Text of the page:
Nothing is really 100% effective in stopping you from getting a flat tire on your bicycle. There are many options and advices however which could reduce the probability of getting a flat tire. Using this advice, you might not need to trouble yourself with patch kits or tube punctures ever again.
Basic Tire Care
It is a great idea to regularly check your bicycle tires for glass and rock shards or other sharp objects, especially after you ride on a route that has a lot of debris. These small embedded items might not cause a flat tire right away but could slowly work their way through your tire and eventually create a puncture. You can use a small tool or your fingernail to get rid of the debris before causing further problems.
Regularly check the sidewalls of your tire and tread for too much damage, wear, cracking and dryness. Tires that have these symptoms will increase your risks of getting a flat tire. If you are not sure of the condition, ask from a bicycle professional at your local repair shop or other bike shop to have your tires evaluated.
A tire liner is a thin strip of extruded plastic which fits between your tube and tire. The extra layer significantly diminishes the risk of puncture flats from glass, thorns or other sharp objects. Liners are famous and work flawlessly but they add 6 oz. or more to your tires’ weight which adds to the rolling resistance in high performance tires. If you live in an area however with many thorns or debris, liners could be worth the weight.
If you install tire liners, place your tire on the rim like you do usually to fit the inner tube into the tire. Fit the tube into your tire. Pump some air into the inner tube in order to expand it just until the tube starts to touch the inside of your tire. After this, slide the liner between the tube and the tire. The pressure of the inflated tube is going to keep the liner held in place against the inner side of the tire which prevents the liner from shifting that in turn results to tube chaffing or cutting. Once the liner is in place, if you cannot get the tire back on the rim you might had a bit too much air inside the tube. Let some air out, pop the tire over the rim and fill with air until you get the recommended or desired pressure.
Your initial strategy must always be to ensure that you are riding with the right amount of tire pressure. Every tire has a recommended air-pressure range. This is measured in psi (pounds per square inch). Look on the tire sidewall to get the recommended pressure. Here are some tips:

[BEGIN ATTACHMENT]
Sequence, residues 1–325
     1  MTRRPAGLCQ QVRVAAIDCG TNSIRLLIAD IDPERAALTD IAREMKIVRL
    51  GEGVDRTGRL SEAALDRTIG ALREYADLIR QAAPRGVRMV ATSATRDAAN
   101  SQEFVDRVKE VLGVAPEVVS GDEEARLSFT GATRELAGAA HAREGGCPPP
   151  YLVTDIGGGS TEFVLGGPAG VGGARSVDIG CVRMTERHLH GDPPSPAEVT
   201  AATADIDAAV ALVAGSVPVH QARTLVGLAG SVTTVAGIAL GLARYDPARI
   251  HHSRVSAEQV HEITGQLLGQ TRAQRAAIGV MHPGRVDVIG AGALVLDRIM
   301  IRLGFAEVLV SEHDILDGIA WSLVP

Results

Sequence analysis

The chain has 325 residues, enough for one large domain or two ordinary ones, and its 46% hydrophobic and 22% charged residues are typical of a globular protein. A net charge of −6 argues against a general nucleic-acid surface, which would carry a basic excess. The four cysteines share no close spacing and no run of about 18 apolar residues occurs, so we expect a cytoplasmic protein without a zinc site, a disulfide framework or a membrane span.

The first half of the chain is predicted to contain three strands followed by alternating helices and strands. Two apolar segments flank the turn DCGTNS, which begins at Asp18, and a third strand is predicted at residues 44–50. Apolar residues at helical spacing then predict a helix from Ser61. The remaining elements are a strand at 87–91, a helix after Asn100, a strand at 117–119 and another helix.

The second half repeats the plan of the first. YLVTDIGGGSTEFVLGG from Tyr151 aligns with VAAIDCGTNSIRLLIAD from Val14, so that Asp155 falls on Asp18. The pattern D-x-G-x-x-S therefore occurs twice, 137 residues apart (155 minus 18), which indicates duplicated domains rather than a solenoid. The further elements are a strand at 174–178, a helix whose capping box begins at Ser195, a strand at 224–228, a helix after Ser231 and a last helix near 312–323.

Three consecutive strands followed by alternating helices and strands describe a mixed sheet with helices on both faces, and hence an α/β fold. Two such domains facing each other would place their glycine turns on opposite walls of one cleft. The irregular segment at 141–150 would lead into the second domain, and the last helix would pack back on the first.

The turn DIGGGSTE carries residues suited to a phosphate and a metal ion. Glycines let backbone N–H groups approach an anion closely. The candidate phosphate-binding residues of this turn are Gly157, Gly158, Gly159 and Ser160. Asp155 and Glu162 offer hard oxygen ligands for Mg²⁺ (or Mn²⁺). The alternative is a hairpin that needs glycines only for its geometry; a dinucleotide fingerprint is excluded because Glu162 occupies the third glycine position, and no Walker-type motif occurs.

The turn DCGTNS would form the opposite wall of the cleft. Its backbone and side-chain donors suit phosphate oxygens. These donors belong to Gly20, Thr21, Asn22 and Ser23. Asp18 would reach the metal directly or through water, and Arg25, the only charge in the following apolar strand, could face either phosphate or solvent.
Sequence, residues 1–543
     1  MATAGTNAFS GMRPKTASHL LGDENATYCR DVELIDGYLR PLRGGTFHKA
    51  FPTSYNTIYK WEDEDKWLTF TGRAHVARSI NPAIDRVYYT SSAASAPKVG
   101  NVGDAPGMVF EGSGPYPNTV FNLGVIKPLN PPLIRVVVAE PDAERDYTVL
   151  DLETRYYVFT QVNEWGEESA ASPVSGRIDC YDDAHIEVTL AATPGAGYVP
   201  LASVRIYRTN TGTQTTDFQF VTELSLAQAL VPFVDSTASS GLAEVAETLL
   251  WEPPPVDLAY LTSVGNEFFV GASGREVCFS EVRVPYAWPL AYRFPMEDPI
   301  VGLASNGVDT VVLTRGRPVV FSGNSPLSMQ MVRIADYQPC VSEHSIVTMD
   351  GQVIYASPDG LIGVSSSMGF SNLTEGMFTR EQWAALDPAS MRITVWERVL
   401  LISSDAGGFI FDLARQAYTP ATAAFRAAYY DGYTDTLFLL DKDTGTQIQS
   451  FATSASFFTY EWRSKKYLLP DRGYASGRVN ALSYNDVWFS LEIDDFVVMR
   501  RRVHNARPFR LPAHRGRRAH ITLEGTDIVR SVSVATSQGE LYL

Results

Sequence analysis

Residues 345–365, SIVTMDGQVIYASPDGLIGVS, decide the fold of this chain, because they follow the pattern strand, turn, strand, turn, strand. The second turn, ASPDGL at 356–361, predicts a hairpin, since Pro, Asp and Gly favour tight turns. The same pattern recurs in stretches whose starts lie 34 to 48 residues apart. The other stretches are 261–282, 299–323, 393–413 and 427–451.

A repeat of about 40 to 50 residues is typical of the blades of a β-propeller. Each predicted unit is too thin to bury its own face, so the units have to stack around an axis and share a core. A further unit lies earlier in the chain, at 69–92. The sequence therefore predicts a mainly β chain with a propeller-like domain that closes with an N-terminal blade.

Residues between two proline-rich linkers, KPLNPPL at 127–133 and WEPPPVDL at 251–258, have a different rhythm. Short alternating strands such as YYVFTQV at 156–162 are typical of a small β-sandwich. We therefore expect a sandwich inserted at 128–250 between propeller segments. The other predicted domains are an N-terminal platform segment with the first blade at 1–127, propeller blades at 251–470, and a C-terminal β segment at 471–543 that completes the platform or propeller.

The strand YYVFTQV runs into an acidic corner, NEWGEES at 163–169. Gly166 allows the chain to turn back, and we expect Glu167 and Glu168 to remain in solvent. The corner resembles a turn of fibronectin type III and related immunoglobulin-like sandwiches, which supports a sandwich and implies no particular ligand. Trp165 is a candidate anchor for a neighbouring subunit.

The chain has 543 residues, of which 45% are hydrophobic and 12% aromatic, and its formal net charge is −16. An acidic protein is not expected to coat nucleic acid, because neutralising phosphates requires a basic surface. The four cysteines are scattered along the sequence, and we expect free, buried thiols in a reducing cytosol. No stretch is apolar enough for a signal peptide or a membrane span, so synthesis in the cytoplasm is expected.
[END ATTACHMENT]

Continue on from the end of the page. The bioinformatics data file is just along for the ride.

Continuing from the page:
* Road tires need to run between 100 to 140 psi.
* Mountain bikes need to run between 30 to 50 psi.
* Urban and casual bicycle tire must run between 60 and 80 psi.
Under-inflation could lead to problems of “pinch flats.” This could happen if you hit a bump and the under-inflated tire compresses all the way up to the rim, which causes 2 small holes which might resemble a snake bite. Over-inflation, on the one hand, does not cause flats although it might be possible to blow out the tube during extreme cases.
Use a gauge or a tire pump to check the pressure. High-end tire pumps are going to have psi gauge but if you have a low-end pump, you will have to carry your own tire pressure gauge. Make sure that whether you have a Schrader or a Presta valve system (the slimmer Presta valve must have the top nut unscrewed before you check the pressure).
The tube sealant option is pretty nifty because you could fix an existing flat tire using the sealant or use it as a preventive measure to prevent flat tires in the future. The idea is very simple: Squeeze a small amount of sealant with the use of the valve stem so you can coat the inside of the tube. In the case of a tiny puncture or a cut, the sealant fills the leak quickly and causes a plug which usually outlasts the tire or the tube around it.
Let’s take 2 kinds of sealants for example. The Slime brand is made to be injected directly to Schrader-type tubes only; the Café Latex brand is made to be injected into the Presta-type tubes or tubeless tires. Café Latex needs use of a no-mess injector which is sold separately.
Some tubes (using both Presta and Schrader valves) come pre-Slimed to provide a preventive approach to flat tires. These tubes are usually thicker and thorn-resistant, so that if they are pre-injected with Slime, provide a great flat-avoidance strategy. The problem with sealants is that they can be sometimes messy to install and sealants will not protect you alone from large cuts or gashes.
Puncture-resistant Tires and Tubes
One more option is to change the tires to something specifically made to resist flat tires. These tires might not feel as fast as standard bike tires, but bike-commuting customers have reported that they experience flat tires less often than using the tires. How do these tires work? A lot of tires use a durable belt of aramid fibers like the well-known Kevlar brand in order to resist puncturing. Others just increase the tread thickness. The tires are marketed by a variety of proprietary names: the Continental Safe System, the Serfas Flat Protection and the Michelin ProTek reinforcement system and so on. The only problem with these tires is that they are somewhat heavy which reduces the efficiency of pedaling. Finally, you should use thorn-resistant tubes. The tubes are simply heavier and thicker versions of regular tubes.
Making sure that you don’t get a flat tire is not just for economy but also for your safety. The tires are the most vulnerable parts of your bicycle and if you are not careful enough, you could run into accidents.
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